4 predictions on Twitter's redesign, and what it means for Facebook

Thanks to Twitter’s redesign, I kind of feel like I've stumbled on a social network version of Boyfriendtwin.tumblr.com. That’s because you’ll notice it looks eerily similar to another social network. I’m convinced that we’ll see Facebook and Twitter in a digital game of bumper cars over the next couple of years. One will make a change, and the other will respond. And so on.

And it’s going to be very, very interesting to watch. Compare Michelle Obama's Facebook page (left) to her updated Twitter page (right):

Some notes on the interplay between the two platforms, and predictions on how the futures of these social behemoths might play out as a result of recent changes:

1. Expect to see Twitter’s resize feature showing up on your Facebook news feed.

One of the new elements Twitter is introducing? Size-adjusted tweets which will appear larger or smaller relative to their level of engagement. Given how much we humans love infographics and, really, any kind of visuals, in our social media, it makes sense that these types of representations will creep more and more into platform designs.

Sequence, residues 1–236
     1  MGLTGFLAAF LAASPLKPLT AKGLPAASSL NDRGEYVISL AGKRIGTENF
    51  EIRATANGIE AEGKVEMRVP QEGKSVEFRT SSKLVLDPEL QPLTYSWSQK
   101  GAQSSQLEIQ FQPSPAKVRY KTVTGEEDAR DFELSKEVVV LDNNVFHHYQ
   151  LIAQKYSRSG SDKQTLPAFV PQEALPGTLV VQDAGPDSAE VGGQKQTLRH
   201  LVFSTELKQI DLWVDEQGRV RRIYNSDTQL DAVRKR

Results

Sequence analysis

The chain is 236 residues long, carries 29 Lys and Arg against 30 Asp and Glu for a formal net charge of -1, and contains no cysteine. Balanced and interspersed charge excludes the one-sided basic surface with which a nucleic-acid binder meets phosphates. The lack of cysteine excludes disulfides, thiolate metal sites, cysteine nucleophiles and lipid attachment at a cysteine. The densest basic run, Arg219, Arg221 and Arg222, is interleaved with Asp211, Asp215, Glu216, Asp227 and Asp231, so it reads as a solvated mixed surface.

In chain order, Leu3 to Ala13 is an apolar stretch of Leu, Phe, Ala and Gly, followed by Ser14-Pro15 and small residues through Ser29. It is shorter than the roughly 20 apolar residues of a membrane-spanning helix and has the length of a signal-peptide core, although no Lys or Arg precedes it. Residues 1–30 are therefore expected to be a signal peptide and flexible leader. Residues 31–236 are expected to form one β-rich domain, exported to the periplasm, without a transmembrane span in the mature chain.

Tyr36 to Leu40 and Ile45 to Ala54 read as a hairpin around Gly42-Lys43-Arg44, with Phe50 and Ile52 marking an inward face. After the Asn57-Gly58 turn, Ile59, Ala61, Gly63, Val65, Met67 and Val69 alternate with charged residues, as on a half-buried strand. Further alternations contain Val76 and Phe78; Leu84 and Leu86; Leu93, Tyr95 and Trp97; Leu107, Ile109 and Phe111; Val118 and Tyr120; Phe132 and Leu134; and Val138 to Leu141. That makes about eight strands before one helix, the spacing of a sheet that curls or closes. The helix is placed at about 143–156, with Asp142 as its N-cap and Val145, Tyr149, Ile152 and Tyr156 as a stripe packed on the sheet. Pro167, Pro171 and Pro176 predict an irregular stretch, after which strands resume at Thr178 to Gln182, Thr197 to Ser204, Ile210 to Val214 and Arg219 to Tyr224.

2. Say goodbye to updates from your mom and hello to more updates from Slate.

Facebook’s algorithm changes give more news feed street cred to high-quality posts from news and media organizations. Organic reach has been plummeting for brands in recent months. If Twitter’s keen on following the Facebook model, it might be that your college roommate’s updates are edged out in favor of Al-Jazeera.

3. Say goodbye to 140-character tweets.

This is a bold one, I know. The 140-character minimum helped Twitter to differentiate itself when it was gaining traction around its launch, and the limit has built Twitter’s reputation as a news-y content channel where trending and breaking news stories come into the collective consciousness. But if Twitter’s redesign, and the introduction in recent months and years of video and photo content in twitter streams, are any indication, we think the 140-character rule is going to take a bow.

4. One of these days, one of these platforms is going to figure out how to give you the perfect mix of personal updates, brand updates, and news updates, and represent it visually in a way that doesn’t overwhelm your senses.

And then our lives will all be as wondrous as Blue Ivy Carter’s.

Lauren Mangiaforte is a social media manager at Obviously Social. Follow her on Twitter: @lbmforte.